Woof, Grrrr…Squid was chillaxing in the lair, noshing on nine-layer dip, trying to keep Flapjack the Octopus (Squid’s bestie) from sucking down too many Jell-o shots and kind of watching the Superbowl (but mostly surfing the internet), when Squid came across a story that many at Squid’s football bash described as good news, but which made Squid shrug. Here’s the headline: “Squid Brains are Nearly as Complex as Dog Brains, Researchers Claim.” As Squid fixed Squid’s large eye on that headline, Squid’s beloved English bulldog, Rosco P. Coltrane, was in the corner, back leg thrown over his head so he could more effectively chew his own ass, making Squid wonder exactly what dogs do with their supposedly complex brains.
But Squid took a look at the article anyway. Here’s the first sentence: “We all know that cephalopods are wicked smart, and their complex nerve systems go some way to explain their aptitudes. Now, a first-of-its-kind magnetic resonance imaging study of squid brains confirms just how rich the connections in their brains truly are.”
Yeah, Squid thought, our brains ARE complex—we think of many things at once, things like, which local market has the best deal on shrimp this week, and, is Sen. Lamar Alexander, R-Tenn., part cephalopod as well since he seems to be lacking a spine, and, which of our local legislators cares most about the environment.
Actually, that last question wouldn’t have occurred to Squid were it not for an email that arrived in Squid’s inbox last week from the California League of Conservation Voters. It was too late for Christmas, true, but what a gift it was: the league took a deep dive into the environmental voting records of every member of California’s legislature (State Sen. Brian Dahle, a Republican from El Dorado Hills, was in the sub-basement with a rating of 12 percent, having failed to participate in votes on six environmental bills and voting against iterations of those bills 12 other times. His lifetime ranking by the league is 13 percent.)
And over on the Democrats’ side, Monterey County’s own State Sen. Anna Caballero was also in the basement, given a 55-percent rating by the league and appointed to their “Polluter Caucus,” described by the league as the five legislators who are “standing in the way of climate solutions” and have “rolled back or halted our progress to protect the environment.”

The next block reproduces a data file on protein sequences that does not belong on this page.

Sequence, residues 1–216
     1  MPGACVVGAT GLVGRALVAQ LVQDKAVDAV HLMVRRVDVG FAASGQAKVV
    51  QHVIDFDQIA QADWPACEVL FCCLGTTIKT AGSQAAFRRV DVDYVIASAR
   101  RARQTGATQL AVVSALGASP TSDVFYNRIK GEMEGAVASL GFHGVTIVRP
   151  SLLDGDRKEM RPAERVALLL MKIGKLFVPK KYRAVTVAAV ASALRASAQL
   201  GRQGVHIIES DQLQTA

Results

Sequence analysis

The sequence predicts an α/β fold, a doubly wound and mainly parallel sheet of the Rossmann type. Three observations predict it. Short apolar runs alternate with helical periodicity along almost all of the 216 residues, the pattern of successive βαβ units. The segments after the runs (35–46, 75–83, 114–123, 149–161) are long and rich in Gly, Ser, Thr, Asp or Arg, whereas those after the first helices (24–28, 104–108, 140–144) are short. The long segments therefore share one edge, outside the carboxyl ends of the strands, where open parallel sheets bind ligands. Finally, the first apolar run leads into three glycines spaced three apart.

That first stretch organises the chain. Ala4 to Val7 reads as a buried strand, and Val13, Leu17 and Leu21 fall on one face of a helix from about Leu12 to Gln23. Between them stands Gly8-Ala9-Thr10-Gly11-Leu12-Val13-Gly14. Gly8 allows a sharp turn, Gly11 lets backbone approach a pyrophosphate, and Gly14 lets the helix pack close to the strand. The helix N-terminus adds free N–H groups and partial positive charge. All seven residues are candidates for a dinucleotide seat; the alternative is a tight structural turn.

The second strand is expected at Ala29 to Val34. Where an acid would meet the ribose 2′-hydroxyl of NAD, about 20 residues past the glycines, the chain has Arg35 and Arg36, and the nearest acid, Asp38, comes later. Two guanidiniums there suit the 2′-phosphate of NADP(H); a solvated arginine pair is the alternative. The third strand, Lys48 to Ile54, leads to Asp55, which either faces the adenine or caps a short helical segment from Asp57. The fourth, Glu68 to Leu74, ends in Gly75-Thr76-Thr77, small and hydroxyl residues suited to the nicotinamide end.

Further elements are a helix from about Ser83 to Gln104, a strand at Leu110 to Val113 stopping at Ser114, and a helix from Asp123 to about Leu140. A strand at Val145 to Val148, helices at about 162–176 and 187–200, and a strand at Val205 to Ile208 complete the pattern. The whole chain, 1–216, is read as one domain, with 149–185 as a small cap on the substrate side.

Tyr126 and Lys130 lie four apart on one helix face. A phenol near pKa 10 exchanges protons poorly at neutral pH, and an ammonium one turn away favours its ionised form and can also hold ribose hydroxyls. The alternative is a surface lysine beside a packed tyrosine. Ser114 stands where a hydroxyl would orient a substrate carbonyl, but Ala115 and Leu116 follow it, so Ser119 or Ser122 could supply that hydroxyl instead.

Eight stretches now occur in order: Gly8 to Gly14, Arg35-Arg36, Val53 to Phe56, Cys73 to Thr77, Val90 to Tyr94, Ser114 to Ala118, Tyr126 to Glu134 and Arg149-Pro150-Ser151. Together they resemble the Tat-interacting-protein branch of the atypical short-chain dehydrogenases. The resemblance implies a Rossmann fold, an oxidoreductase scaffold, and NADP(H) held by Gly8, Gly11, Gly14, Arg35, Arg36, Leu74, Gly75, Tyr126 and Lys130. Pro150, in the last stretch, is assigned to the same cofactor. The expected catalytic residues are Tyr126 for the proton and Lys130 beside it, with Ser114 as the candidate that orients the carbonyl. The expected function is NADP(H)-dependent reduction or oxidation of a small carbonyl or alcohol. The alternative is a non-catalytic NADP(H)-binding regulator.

(Over on the league’s Goody Two Shoes list of environmental champions was State Sen. Bill Monning, who received the title “water champion,” a 100-percent rating and was described as having “the political will to introduce bold environmental action.” Over in the Assembly, meanwhile, Assemblymember Robert Rivas, D-Salinas, scored 94 percent on the report card, while Assemblymember Mark Stone, D-Santa Cruz, scored 99 percent.)
Back to Caballero, though. Squid knows that the environment isn’t necessarily her jam, although social justice is. Squid took a dive into her rankings and saw lots of green checkmarks, meaning Caballero had voted in favor of a lot of environmental bills: Yes on Safeguarding California from Crude Oil Spills, Yes on Banning Wildlife-Killing Rodenticides, Yes on Ongoing Funding for Cleanup of Lead Contamination and Yes on Complete Streets for Active Living.
All good stuff backed the the league, Squid thought, so why the 55 percent?
The league notes Caballero voted against SB 772, which would have publicly owned utilities and their ratepayers pay for pumped hydropower storage. She voted against SB 659, which would require the losing party of a lawsuit challenging a project through the California Environmental Quality Act (CEQA) to pay the attorney’s fees for the prevailing party. She also introduced SB 25, which would restrict public participation through CEQA for a broad range of projects, including projects that are funded in whole or in part by Federal Opportunity Zone funds. (Squid notes: Salinas, Caballero’s stomping ground, is loaded with Opportunity Zones, and projects are looming and really, what developer wants to pay prevailing wages—sometimes the real goal unions are after in CEQA complaints—anyway?)
Squid’s human colleague reached out to Caballero’s team in Sacramento, and the senator called back to chat about the scorecard and where she stands on it.
"I have seen it and I was disappointed because I think it mischaracterizes my positions. The environment is really important to me, but I've spent years working on issues that are equally important," she says. "The environmental community is more and more acting in a silo without looking at the consequences of the things they support and without building coalitions with other groups."
Witness SB 25, Caballero says: "It is the greenest bill I've ever run and it has some of the highest standards that have to be met…and I probably won't even get a hearing on it. The environmental community has it hung up and the chair of the (environmental committee) has made a commitment to not advance anything that has CEQA in it and it's silly."
Not as silly as comparing Squid's brain to a dog's brain, but it's close.